The Power of the Lie

It blinds you to truth.

The Lie (4)

But when they had commanded them to go aside out of the council, they conferred among themselves, saying, “What shall we do to these men? For, indeed, that a notable miracle has been done through them
is evident to all who dwell in Jerusalem, and we cannot deny it.” Acts 4.15, 16
Blind reason?
Indeed, a “notable miracle” had been done by Peter and John – the healing of a lame man by merely pronouncing the Name of Jesus upon him. Many had seen that work go down just as it was recorded by Luke. Not even the religious leaders of the day could deny that this remarkable work had happened, a good work, and one which reasonable people would wish to see multiplied.

But the Name of Jesus was such a threat to the pretended autonomy of those religious leaders that they would not accept what they could not deny. Though they knew the truth, they refused to embrace it, preferring instead to redouble efforts to preserve their autonomy.

The power of the lie can be very great, causing otherwise reasonable and responsible people to deny what is uncomfortably obvious, and to cling to what can never satisfy their deepest wants and needs.

No amount of evidence or argument will persuade people to embrace the truth so long as they continue to hide behind the lie, in whatever form, as their benchmark explanation for life. As the discipline of argumentative theory is demonstrating, people do not employ reason as a tool for discovering truth, but for defending and vindicating their chosen perspective on life. That is, people begin the reasoning process with what they already believe and cherish, then bend their arguments and reason to defend that perspective. And when that perspective is the lie, all justifications, reasons, and proofs merely reinforce the redoubts of unbelief.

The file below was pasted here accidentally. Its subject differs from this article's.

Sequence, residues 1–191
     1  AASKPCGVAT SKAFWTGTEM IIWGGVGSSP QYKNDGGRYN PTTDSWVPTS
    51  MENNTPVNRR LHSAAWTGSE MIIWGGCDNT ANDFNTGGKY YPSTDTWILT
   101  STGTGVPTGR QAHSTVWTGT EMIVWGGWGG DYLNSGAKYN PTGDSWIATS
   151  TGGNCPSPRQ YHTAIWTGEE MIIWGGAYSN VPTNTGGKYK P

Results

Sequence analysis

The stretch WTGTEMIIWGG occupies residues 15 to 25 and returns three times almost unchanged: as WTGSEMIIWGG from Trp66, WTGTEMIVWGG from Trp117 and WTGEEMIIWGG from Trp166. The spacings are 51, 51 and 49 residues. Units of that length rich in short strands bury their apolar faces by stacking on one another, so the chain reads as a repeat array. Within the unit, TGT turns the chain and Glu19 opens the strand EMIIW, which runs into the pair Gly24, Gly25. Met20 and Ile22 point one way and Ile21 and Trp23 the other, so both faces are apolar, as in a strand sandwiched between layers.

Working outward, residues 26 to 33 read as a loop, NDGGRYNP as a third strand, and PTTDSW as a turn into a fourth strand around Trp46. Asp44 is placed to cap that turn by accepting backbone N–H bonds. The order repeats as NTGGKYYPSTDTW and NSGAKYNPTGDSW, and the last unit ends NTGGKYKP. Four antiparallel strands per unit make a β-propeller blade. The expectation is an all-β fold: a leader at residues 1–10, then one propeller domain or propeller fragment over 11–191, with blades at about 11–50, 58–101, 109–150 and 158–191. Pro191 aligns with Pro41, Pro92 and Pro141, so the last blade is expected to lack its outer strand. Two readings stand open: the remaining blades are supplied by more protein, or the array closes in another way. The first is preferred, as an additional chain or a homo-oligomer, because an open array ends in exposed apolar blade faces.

The record of Christianity
This truth is obvious in our own day. As Rodney Stark and others have shown, Christianity has been a source of enormous good throughout the course of human history. Even institutions and conventions cherished and enjoyed by our unbelieving contemporaries have their origins in the Christian movement – the arts and sciences, universal and higher education, campaigns for literacy and good health, capitalism and democratic forms of government, hospitals and charitable organizations of all kinds.

Christians created the first free hospitals, have cared for victims of plague and war, taken in orphans and outcasts, created laws to elevate the status of women and the poor, denounced and worked to eliminate lewd and barbaric entertainments, taught literacy, freed slaves, produced an enormous amount of literature in vernacular languages, started schools and universities, improved conditions for workers and prisoners, created standards of high quality in craftsmanship and the arts, built cities, turned swamps into fertile fields, and laid the foundations of the modern scientific enterprise.